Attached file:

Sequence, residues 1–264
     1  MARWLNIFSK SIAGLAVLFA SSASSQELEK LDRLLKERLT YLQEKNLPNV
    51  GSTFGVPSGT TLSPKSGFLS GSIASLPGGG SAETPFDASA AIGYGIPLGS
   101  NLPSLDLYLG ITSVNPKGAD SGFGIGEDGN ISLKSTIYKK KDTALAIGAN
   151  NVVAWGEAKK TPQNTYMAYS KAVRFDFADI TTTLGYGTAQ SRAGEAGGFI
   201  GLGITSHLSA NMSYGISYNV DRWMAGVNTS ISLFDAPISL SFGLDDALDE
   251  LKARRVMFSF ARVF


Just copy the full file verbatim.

Sequence, residues 1–264
     1  MARWLNIFSK SIAGLAVLFA SSASSQELEK LDRLLKERLT YLQEKNLPNV
    51  GSTFGVPSGT TLSPKSGFLS GSIASLPGGG SAETPFDASA AIGYGIPLGS
   101  NLPSLDLYLG ITSVNPKGAD SGFGIGEDGN ISLKSTIYKK KDTALAIGAN
   151  NVVAWGEAKK TPQNTYMAYS KAVRFDFADI TTTLGYGTAQ SRAGEAGGFI
   201  GLGITSHLSA NMSYGISYNV DRWMAGVNTS ISLFDAPISL SFGLDDALDE
   251  LKARRVMFSF ARVF